- Essentia Health (MN) is replacing Caduceus Systems with Tecsys supply chain management software, to be completed by June 2019.
- Stonewall Memorial Hospital (TX) will replace Evident (CPSI) with Athenahealth in October 2018.
These provider-reported updates are supplied by Definitive Healthcare, which offers a free trial of its powerful intelligence on hospitals, physicians, and healthcare providers.
A literature review finds that consumer-facing diagnostic websites and apps – excluding those that are approved or being reviewed by FDA, that perform physical tests, or that offer only literature searches – are poorly supported by clinical studies and sometimes offer low accuracy rates. The categories included symptom checkers, smartphone photo analysis for skin or eyes, and crowdsourced problem solving. The authors recommend that studies name the apps they are reviewing (as they would in medical device studies), consider how the apps work (algorithms versus attached devices), and follow a standardized evaluation methodology.
A data-crunching research project tries to associate EHR adoption with 30-day mortality, predictably failing to conclude much of anything useful for obvious reasons: (a) EHR adoption isn’t binary since use may vary widely; (b) the study used old data from 2008-2013; (c) the authors obviously had no way to prove causation of EHRs to deaths, only to find a faint correlation that is likely to be dependent on a zillion more relevant factors that changed over those years or that differ among hospitals. I want to perform studies that correlate hospital quality to CEO salary, the average Kelly Blue Book value of cars parked in the doctors’ lot, and the number of self-congratulatory awards and signs posted in public areas.
This is dope: A study finds that 25 percent of people who show up in the ED with a sprained ankle were given a prescription for opioids.
CNBC’s Chrissy Farr writes about her sneak peek at Mount Sinai Hospital’s (NY) Lab100, a reinvented, technology-focused annual physical. Patients complete an online assessment in advance, then pass through a series of stations that includes a body composition scanner, a virtual reality-powered strength assessment, and cognition tests, with the results displayed on a screen for discussion with the physician. I’m cynical:
- Are all these tests meaningful, exhaustive, and supported by evidence?
- Do we really need more vague diagnostic measurements that rope people into a medical system they would do well to avoid?
- Is this just another form of the “executive physical” that allows health systems to sell high-margin, medically questionable services that the rest of us can’t afford and probably don’t need?
- Do you go to Mount Sinai because you don’t trust your own doctor who knows you well and who offers — instead of buzzword-heavy gadgetry — medical expertise, empathy, and chronic care?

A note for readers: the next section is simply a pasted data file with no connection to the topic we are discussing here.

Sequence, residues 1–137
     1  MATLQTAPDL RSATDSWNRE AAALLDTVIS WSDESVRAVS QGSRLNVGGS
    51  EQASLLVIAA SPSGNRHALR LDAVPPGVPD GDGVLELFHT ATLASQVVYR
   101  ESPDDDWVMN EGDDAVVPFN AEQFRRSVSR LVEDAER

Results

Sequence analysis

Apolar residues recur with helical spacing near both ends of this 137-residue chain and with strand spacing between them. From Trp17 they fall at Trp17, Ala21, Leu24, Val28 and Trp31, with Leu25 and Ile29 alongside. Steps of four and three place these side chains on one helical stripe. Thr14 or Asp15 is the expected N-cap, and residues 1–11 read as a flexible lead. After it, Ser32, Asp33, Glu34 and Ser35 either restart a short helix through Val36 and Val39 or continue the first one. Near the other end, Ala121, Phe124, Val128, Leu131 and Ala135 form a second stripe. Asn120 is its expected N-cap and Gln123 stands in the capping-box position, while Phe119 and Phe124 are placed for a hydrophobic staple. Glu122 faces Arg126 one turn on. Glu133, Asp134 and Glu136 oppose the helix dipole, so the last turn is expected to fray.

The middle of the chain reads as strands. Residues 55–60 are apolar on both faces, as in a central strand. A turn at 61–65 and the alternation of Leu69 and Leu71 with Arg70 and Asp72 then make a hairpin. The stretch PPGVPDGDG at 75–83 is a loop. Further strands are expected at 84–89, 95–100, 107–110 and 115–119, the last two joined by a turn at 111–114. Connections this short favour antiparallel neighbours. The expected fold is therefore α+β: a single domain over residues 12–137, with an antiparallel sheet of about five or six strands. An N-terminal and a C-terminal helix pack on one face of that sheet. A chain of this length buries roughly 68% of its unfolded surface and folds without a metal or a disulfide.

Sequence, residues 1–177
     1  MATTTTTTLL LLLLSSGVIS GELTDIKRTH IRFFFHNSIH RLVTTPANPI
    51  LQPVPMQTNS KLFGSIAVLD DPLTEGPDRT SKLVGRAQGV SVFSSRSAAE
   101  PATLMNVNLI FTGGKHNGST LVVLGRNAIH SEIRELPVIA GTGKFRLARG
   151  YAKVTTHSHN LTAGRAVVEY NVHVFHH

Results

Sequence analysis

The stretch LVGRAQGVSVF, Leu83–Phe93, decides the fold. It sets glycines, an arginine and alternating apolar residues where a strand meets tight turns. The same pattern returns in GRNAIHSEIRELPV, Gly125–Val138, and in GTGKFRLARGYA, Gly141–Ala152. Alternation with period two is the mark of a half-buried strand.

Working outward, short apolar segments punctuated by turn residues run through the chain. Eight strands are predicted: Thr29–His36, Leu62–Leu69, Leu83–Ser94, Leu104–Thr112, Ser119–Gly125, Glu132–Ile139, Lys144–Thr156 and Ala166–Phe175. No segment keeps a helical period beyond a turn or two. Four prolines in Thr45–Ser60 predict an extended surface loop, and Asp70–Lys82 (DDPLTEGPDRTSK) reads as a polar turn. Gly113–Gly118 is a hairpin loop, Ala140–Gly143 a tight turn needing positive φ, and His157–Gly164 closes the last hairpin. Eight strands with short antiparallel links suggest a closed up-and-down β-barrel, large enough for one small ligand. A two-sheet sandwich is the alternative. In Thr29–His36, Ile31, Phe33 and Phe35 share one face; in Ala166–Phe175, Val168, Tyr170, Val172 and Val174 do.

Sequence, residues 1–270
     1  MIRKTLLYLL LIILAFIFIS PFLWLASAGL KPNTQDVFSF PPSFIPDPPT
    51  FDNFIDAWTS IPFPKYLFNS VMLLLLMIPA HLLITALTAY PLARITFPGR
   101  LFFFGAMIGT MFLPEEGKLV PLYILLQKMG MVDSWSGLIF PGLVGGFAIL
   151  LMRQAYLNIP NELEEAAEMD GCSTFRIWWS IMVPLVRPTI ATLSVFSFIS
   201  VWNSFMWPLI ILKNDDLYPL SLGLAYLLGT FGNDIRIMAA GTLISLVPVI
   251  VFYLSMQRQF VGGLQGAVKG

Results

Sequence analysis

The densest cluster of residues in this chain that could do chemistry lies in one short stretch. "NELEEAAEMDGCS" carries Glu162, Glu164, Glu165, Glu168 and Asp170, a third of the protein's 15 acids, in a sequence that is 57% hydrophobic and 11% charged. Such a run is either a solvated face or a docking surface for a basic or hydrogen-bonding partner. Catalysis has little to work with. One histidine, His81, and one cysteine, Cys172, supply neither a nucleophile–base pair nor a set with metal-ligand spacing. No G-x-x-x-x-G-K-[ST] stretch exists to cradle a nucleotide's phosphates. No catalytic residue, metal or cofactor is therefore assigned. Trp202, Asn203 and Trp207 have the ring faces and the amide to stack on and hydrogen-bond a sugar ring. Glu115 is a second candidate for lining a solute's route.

- Is Mount Sinai doing this to improve population health, the health of wealthy folks who can afford this test, or just its own bottom line, patient funnel, and marketing reputation?
- Do we really need more diagnostic tools when much of our population can’t afford treatments for their known chronic conditions?
- Lightbeam Health Solutions employees donate toiletries and snacks to charities serving the homeless in Dallas.
- MDLive joins Walgreen’s new digital healthcare provider marketplace.
- Waystar will exhibit at the NextGen Texas Regional Client UM August 2 in Irving.
- Netsmart will exhibit at the HCAF Annual Conference July 30 in Orlando.
- Voalte CEO Trey Lauderdale will speak at the Sarasota Young Professionals Group on August 10.
- Mission Health President and CEO Ronald Paulus joins Vocera’s board.
- The Travails of a Chief Data Officer in a Typical Compliance Environment (Liaison Technologies)
- Nurses Are Already Resilient: What Hospitals Can Do to Help (LiveProcess)
- Not Your Average Fax Machine (Vyne Medical)
- Encryption Isn’t Clinical (Mobile Heartbeat)
- Hospital Costs: A National Solution (National Decision Support Co.)
- Creating a Preferred Post-Acute Partner Network (Netsmart)
- The Quest for Self-Pay Utopia (OnPlanHealth)
- Healthcare runs on revenue (Experian Health)
- Recap: PatientPing Hosts Second New England Community Summit (PatientPing)
- 4 Success Strategies to Free Your Team from Cumbersome Health IT Technology (PatientSafe Solutions)
- Getting it right: 10-point checklist for mobile devices and testing in nursing (PerfectServe)
- What happens when interoperability is solved? (Redox)
- How to Measure the True Success of a Meditech Expanse Implementation (Santa Rosa Consulting)
- 6 Biggest Factors Impacting Your PT Clinic’s Cash Flow (WebPT)
- Patient reported outcomes – what we can learn from our European colleagues (Philips Wellcentive)
- Digital Strategy for the Future of Healthcare Providers (WiserTogether)
- The power of purpose (Wolters Kluwer Health)